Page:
August 23, 2017
It sounded like a good idea.
The boys have gotten older, we had just raced go-carts, and it would be fun!
We were in Panama City Beach, Florida on our family vacation, and Stefan had been looking forward to riding jet skis together. This was the first time we thought the big boys were old enough to go, and would enjoy it. They are little boys, after all. Fast, exciting, adventure… that’s the stuff little boys are made of!
Stefan signed us up for a Shell Island tour. We would ride, following a guide, out to Shell Island and back, and hopefully see some dolphins along the way. He and I had done a tour in a different location about 8 years ago (pre-kiddos) and we both enjoyed it. I figured the boys would love the adventure and seeing dolphins up close would be an awesome experience for them.
What I didn’t count on, was the choppy waters, the blood-curdling screams combined with wailing, and our inability to stop if things weren’t going well.
Gavin rode with me, and was perfectly fine as we idled out past the wake zone. Honestly, I wasn’t that worried myself. I was nervous, having my five year old out on the ocean, but I had talked myself down, saying that the boys shouldn’t miss out on things because their mom was too overprotective, or scared to try things herself.
Zachary was with Stefan, and tears were already rolling as we eased away from the dock. He is my more cautious son, (typical first born) so I was not surprised, but hoped he would relax and be having fun soon.
Once we came to the open water, we were to count to six after the person in front of us went, then take off. One, two, three, four, five, six…. GO! I pulled the handle for the gas and off we went. I was awful. I mean it. You’d think I was riding a bull the way I had that thing thrashing around. With the rough waters, trying to control and balance the jet ski, and keep Gavin on (not to mention counteract his movements), I was mess. Start, stop, go, slow, gas, lean, WHOA!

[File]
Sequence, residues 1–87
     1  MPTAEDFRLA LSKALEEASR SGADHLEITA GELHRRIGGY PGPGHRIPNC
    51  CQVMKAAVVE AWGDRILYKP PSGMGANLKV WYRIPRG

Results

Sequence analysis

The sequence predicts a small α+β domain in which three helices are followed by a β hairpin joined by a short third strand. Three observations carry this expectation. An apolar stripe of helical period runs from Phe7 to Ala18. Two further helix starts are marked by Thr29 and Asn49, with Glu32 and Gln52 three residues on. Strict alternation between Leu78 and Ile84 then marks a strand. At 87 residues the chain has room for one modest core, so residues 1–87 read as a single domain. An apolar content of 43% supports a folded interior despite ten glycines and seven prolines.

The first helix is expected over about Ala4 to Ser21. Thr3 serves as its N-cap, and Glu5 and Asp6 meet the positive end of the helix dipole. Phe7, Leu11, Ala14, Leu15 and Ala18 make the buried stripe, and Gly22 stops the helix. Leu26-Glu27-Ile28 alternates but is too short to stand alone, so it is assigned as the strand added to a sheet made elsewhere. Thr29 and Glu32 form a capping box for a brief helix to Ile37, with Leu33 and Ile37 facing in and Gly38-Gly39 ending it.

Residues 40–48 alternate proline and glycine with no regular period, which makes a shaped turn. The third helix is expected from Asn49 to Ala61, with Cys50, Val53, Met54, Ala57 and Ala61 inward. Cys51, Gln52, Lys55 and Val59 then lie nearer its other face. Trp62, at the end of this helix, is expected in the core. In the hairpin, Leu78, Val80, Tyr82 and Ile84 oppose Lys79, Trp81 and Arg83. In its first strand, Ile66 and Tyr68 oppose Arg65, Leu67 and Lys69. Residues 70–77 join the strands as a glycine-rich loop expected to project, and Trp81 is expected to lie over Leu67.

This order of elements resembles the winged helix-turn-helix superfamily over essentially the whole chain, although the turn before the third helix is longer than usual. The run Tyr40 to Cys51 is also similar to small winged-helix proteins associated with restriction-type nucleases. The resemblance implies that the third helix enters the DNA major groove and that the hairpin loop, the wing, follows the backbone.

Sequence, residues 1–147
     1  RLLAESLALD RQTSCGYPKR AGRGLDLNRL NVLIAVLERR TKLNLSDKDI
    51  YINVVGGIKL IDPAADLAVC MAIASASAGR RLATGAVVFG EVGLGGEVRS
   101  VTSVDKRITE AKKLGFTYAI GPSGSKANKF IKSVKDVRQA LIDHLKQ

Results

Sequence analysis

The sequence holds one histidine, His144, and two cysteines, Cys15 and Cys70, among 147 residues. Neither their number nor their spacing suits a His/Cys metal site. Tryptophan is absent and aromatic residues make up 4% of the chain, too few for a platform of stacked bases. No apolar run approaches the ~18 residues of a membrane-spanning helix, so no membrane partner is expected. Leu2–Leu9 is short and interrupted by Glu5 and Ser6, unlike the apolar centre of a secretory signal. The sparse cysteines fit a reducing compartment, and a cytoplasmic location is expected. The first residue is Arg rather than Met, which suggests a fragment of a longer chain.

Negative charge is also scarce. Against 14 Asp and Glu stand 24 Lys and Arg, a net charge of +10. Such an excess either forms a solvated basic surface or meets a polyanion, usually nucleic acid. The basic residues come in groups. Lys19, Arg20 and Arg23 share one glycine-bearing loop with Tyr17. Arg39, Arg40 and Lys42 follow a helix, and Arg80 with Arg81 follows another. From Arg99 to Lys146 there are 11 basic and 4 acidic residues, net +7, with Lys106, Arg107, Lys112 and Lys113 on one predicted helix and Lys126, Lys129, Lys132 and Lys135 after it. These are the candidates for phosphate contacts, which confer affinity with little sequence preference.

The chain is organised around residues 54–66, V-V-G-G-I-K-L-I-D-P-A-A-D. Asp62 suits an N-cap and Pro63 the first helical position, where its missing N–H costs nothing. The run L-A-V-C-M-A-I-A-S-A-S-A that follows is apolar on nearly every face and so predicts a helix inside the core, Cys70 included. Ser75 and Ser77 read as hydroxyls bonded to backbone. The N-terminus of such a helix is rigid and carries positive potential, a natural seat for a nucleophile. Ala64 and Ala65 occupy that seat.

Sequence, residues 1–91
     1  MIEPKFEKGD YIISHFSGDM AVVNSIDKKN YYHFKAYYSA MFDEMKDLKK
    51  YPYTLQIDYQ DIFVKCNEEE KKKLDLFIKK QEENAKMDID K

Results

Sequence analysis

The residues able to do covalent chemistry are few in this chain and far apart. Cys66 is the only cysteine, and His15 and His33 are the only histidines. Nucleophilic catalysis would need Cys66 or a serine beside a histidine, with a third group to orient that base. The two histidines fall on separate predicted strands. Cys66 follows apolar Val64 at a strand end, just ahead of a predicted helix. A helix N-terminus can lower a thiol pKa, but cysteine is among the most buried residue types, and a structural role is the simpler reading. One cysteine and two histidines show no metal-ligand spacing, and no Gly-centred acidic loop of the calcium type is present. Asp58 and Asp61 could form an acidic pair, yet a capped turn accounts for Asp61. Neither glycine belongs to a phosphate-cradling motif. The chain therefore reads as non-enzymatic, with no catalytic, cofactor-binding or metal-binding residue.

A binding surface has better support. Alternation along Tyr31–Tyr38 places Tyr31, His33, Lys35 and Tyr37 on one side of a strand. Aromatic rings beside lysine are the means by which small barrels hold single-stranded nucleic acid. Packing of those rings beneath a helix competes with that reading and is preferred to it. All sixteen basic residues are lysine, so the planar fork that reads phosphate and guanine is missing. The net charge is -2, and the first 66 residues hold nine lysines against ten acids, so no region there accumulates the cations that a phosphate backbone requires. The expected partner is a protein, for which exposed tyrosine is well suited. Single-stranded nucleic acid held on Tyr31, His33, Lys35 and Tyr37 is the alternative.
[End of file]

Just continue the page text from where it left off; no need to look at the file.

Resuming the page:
After a few minutes of this, the beach-boy-of-a-guide came back and told me… just go. “You have to go fast to get on top of the waves, it’s a lot smoother.”
Sure, Mr. 19 year old. I will ignore every mothering instinct and risk assessing thought that enters this 35 year old mom-brain of mine, and put the hammer down.
I don’t know how long it took us to get to Shell Island. Maybe 15 or 20 minutes, or eternity? Either way, Gavin howled the WHOLE WAY. I went as fast as I could muster, squeezing lanky little legs with my own, ignoring the tears and the sobbing, and praying out loud to Jesus to keep us safe. I made sure Gavin could hear my call on the Lord to protect us, guide us, and let us have fun.
We got a little reprieve from the trauma once we arrived at the island. I looked over to Stefan and Zachary pulling up beside us, hopeful to see smiles, but to no avail. I saw the same terror-stricken expression there as the one riding with me.
“Did he cry the whole time, too?”
“Oh yeah, screamed almost the whole way.”
We spent the next thirty minutes walking around the island, searching for shells, and enjoying the beach. It was a beautiful place with blue-green waters and white sand, and the boys were able to gather shells for their collection. They had both calmed down and were enjoying themselves… until it was time to leave.